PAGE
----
*Jeremy Rosenthal is an attorney licensed to practice in the State of Texas.  Nothing in this article is intended to be legal advice.  For legal advice about any situation you should contact an attorney directly.  Communications sent through this blog are not confidential, privileged, nor do they create an attorney-client relationship.


Protecting a Professional License When Facing Criminal Charges

January 21, 2014

By Collin County Criminal Defense Lawyer Jeremy Rosenthal

(972) 369-0577

www.rosenthalwadas.com

A professional license is like your personal Alamo.  It’s your livelihood and must be defended at all costs.

Any criminal charge must be evaluated to gauge it’s impact on your ability to either attain or maintain a professional license.  In some instances losing a license because of a criminal record is automatic and in other instances it may simply open the door to a licensing board to taking action.

This intersection of law is between traditional criminal law and administrative law as criminal courts don’t directly weigh-in on licenses such as medical licenses, CPA licenses, or engineering licenses.  Those decisions are made by different bodies.

Texas Occupations Code Chapter 53 governs the consequences of criminal records on certain professional licenses.  It’s structure demonstrates the complex and layered approach the legislature intended in situations when dealing with certain crimes as they relate to certain professions.

Your criminal lawyer needs to be mindful of the professional consequences in a criminal action.  Someone facing family assault charges, DWI, or drug charges may be facing stiff probation from the criminal court — but probation may be a hollow victory if administrative action against a professional license wipes-out your ability to put food on the table.

The end-game is what really matters and a good criminal lawyer is thinking 5-steps ahead.  Sometimes you simply need a “not-guilty” verdict… and that is that!

*Jeremy Rosenthal is an attorney licensed to practice in the State of Texas.  Nothing in this article is intended to be legal advice.  For legal advice about any situation you should contact an attorney directly.


What Do I need to Tell My Boss If I Get Arrested?

January 19, 2014

Criminal Defense Lawyer | DWI, Drug, Theft & Assault Charges

By Collin County Criminal Defense Lawyer Jeremy F. Rosenthal

(972) 369-0577

www.rosenthalwadas.com

I’m asked a lot about what someone should tell their boss after they have been arrested.  It’s a great question — even though it’s not squarely what I deal with as a criminal lawyer.

Unfortunately there’s no quick answer and because no two work-places are alike and because no two arrests are alike.  These situations have to be dealt with on a case-by-case basis.

Texas is an “at-will” state which means that in most cases an employer can terminate you for a good reason, for a bad reason, or for no reason at all.  I point this out to underscore how powerless most people are to begin with when it comes to their jobs in the first place.  So it’s possible that you can do everything right and still be shown the door.  But experience tells me that…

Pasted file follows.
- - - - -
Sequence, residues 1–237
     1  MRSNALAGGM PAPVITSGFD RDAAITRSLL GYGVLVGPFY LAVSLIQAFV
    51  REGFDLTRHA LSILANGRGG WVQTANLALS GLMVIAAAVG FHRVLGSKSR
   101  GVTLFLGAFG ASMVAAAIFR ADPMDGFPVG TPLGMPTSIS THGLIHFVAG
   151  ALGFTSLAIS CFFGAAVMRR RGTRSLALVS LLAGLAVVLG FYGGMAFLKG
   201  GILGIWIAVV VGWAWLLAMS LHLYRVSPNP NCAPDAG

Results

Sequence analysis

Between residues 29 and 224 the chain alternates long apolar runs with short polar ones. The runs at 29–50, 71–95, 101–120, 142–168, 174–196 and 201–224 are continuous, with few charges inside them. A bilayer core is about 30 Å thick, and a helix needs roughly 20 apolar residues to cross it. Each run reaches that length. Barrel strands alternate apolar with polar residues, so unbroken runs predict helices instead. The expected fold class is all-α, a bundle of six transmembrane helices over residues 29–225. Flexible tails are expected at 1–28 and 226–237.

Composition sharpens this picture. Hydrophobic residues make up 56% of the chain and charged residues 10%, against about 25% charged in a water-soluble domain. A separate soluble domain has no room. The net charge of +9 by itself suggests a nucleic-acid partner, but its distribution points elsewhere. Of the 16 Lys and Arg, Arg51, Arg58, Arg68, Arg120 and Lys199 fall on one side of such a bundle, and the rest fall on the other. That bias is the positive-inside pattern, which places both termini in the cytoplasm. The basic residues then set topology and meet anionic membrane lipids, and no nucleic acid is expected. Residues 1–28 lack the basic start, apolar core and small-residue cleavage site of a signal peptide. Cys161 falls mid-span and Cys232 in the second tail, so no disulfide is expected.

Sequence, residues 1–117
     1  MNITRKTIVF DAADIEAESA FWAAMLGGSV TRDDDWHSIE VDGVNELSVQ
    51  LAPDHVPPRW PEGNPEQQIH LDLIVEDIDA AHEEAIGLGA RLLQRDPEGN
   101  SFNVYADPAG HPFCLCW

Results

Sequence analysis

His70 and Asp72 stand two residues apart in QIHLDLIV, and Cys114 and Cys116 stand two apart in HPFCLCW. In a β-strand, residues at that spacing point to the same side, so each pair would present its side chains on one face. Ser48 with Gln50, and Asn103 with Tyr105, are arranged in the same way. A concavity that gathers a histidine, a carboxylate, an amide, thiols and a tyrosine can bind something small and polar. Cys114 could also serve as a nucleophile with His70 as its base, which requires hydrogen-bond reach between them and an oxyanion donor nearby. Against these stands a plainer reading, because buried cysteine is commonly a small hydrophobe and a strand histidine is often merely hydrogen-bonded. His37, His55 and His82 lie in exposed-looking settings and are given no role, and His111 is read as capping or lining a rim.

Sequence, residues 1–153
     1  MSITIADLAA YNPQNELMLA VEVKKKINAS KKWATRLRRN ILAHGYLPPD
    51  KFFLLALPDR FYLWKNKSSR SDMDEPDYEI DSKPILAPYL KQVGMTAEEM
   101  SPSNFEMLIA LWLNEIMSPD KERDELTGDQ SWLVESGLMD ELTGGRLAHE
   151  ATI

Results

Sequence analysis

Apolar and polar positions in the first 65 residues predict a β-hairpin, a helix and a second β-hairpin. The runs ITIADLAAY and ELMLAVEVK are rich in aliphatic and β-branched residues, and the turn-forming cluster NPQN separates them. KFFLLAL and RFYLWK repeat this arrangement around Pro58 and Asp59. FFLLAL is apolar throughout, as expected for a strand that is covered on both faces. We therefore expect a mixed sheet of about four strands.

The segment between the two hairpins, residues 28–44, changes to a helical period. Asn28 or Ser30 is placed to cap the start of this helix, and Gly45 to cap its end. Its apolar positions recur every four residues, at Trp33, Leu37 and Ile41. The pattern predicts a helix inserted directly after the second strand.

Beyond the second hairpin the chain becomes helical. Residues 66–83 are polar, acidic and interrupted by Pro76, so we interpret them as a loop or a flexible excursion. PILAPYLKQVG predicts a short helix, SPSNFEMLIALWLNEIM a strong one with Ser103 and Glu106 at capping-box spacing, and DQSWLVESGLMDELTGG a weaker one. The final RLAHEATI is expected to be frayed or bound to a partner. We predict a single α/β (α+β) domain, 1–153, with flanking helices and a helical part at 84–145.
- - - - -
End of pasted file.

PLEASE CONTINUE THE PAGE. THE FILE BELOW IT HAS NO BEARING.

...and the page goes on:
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Grand Jury Notice Letters From the District Attorney’s Office

January 19, 2014

Criminal Defense Lawyer | DWI, Drug, Theft & Assault Charges

By Collin County Criminal Defense Lawyer Jeremy Rosenthal

(972) 369-0577

www.rosenthalwadas.com

If you have gotten a a letter notifying you of a grand jury date in Collin County, Texas, it means the District Attorney’s office is attempting to indict you for a felony.  You need a lawyer immediately.

A grand jury is a body of citizens appointed by a district judge who meet regularly to review whether there is sufficient evidence to issue a true bill of indictment for a felony offense.  An accused does not have the right to be present nor present a case to the grand jury.

Though you don’t have many rights when it comes to a grand jury proceeding, you do have a lot of legal strategy to consider.

How Your Lawyer Would Deal with the Grand Jury

Often times a person accused of a crime can submit a “grand jury packet.”  A grand jury…

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Prostitution Law in Texas

January 15, 2014

Criminal Defense Lawyer | DWI, Drug, Theft & Assault Charges

By Collin County Criminal Defense Lawyer Jeremy Rosenthal

(972) 369-0577

www.rosenthalwadas.com

Texas Penal Code 43.02 governs prostitution and it states,

(a) A person commits an offense if he knowingly:

(1)  offers to engage, agrees to engage, or engages in sexual conduct for a fee; or

(2)  solicits another in a public place to engage with him in sexual conduct for hire.

(b)  An offense is established under Subsection (a)(1) whether the actor is to receive or pay a fee. An offense is established under Subsection (a)(2) whether the actor solicits a person to hire him or offers to hire the person solicited.

Prostitution is a class b misdemeanor unless the person has two or more previous convictions for prostitution in which case it is a class a misdemeanor.  It is a state jail felony if the person has been convicted three or more times.

Obviously the offense is considered the same by…